Tailoring supramolecular guest–host hydrogel viscoelasticity with covalent fibrinogen double networks
Supramolecular chemistry has enabled the design of tunable biomaterials that mimic the dynamic and viscoelastic characteristics of the extracellular matrix. However, the noncovalent nature of supramolecular bonds renders them inherently weak, limiting their applicability to many biomedical applications. To address this, we formulated double network (DN) hydrogels through a combination of supramolecular and covalent networks to tailor hydrogel viscoelastic properties. Specifically, DN hydrogels were formed through the combination of supramolecular guest–host (GH) hyaluronic acid (HA) networks with covalent networks from the photocrosslinking of acrylated poly(ethylene glycol) modified fibrinogen (PEG-fibrinogen) and PEG diacrylate. DN hydrogels exhibited higher compressive moduli, increased failure stresses, and increased toughness when compared to purely covalent networks. While GH concentration had little influence on the compressive moduli across DN hydrogels, an increase in the GH concentration resulted in more viscous behavior of DN hydrogels. High viability of encapsulated bovine mesenchymal stromal cells (MSCs) was observed across groups with enhanced spreading and proliferation in DN hydrogels with increased GH concentration. This combination of supramolecular and covalent chemistries enables the formation of dynamic hydrogels with tunable properties that can be customized towards repair of viscoelastic tissues.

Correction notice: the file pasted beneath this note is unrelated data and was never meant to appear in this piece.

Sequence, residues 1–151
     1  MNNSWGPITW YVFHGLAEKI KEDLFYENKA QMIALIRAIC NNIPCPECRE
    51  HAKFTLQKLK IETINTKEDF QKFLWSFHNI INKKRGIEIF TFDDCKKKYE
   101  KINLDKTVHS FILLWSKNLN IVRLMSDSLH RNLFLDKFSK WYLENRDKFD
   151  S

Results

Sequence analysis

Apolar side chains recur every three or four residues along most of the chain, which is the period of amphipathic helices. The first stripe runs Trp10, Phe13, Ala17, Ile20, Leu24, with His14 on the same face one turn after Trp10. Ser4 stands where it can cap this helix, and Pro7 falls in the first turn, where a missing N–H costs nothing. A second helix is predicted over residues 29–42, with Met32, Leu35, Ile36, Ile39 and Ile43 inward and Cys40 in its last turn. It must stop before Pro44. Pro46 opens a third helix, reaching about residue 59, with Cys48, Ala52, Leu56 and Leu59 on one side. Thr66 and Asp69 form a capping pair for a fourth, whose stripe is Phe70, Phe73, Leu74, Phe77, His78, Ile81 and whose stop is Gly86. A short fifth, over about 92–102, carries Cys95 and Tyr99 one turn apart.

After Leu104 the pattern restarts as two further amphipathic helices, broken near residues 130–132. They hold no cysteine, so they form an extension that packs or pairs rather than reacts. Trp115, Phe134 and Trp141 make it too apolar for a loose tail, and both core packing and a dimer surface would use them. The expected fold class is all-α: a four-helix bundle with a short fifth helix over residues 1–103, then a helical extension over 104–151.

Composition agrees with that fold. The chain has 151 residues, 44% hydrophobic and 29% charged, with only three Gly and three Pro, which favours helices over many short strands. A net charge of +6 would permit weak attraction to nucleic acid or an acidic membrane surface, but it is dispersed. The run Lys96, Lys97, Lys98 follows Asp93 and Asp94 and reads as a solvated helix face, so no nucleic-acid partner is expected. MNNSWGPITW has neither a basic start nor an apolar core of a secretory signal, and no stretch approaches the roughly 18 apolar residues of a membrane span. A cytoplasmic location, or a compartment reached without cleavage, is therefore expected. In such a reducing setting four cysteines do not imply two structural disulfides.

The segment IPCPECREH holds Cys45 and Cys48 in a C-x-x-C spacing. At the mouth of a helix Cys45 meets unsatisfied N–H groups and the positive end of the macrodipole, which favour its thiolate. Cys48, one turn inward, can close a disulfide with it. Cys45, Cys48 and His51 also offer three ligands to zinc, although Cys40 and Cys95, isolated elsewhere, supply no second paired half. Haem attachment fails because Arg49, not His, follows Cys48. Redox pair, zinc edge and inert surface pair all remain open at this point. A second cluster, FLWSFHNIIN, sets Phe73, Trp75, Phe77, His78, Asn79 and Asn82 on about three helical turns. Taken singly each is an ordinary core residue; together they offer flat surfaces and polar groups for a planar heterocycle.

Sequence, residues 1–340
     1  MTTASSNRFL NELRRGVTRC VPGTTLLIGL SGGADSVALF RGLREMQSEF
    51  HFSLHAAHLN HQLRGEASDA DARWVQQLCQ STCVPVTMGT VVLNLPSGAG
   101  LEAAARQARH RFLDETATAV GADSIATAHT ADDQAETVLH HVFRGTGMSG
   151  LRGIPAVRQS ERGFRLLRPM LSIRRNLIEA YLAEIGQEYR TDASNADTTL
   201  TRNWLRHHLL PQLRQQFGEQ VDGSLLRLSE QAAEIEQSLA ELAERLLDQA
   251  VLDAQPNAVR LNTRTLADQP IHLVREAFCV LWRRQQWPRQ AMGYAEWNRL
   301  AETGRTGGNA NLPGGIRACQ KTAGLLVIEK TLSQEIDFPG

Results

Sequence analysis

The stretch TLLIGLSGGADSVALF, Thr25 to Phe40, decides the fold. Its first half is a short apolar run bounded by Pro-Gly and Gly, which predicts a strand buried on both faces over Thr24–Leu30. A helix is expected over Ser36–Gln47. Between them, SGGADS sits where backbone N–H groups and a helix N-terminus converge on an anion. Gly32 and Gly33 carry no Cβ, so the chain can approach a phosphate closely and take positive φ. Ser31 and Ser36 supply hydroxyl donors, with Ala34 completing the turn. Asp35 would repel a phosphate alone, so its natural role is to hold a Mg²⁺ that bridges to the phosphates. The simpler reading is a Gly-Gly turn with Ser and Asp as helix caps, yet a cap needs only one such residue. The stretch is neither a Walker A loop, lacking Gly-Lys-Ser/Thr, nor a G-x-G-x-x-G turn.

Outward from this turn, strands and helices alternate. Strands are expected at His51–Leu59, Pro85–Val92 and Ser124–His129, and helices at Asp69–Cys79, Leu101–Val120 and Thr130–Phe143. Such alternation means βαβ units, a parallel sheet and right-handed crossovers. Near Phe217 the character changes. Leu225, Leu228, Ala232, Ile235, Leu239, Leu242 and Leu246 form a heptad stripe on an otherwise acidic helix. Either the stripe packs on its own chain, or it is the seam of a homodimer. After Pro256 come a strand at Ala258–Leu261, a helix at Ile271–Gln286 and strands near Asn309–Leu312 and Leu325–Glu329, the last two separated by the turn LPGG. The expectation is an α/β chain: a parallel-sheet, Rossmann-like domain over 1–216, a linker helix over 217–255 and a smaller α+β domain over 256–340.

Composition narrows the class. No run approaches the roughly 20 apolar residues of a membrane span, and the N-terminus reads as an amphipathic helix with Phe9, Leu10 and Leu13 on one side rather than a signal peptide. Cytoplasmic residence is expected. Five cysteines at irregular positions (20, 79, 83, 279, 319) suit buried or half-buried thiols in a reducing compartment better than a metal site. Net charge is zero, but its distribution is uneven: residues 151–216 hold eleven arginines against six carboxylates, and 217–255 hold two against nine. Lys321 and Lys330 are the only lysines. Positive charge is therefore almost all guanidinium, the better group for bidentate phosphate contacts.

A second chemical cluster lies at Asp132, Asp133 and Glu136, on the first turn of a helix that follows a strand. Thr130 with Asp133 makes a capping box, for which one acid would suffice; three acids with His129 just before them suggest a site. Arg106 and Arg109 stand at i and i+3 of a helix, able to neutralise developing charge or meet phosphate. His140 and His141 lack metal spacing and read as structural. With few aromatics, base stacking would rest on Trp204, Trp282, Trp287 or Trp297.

- This article is part of the themed collection: Hydrogel properties and applications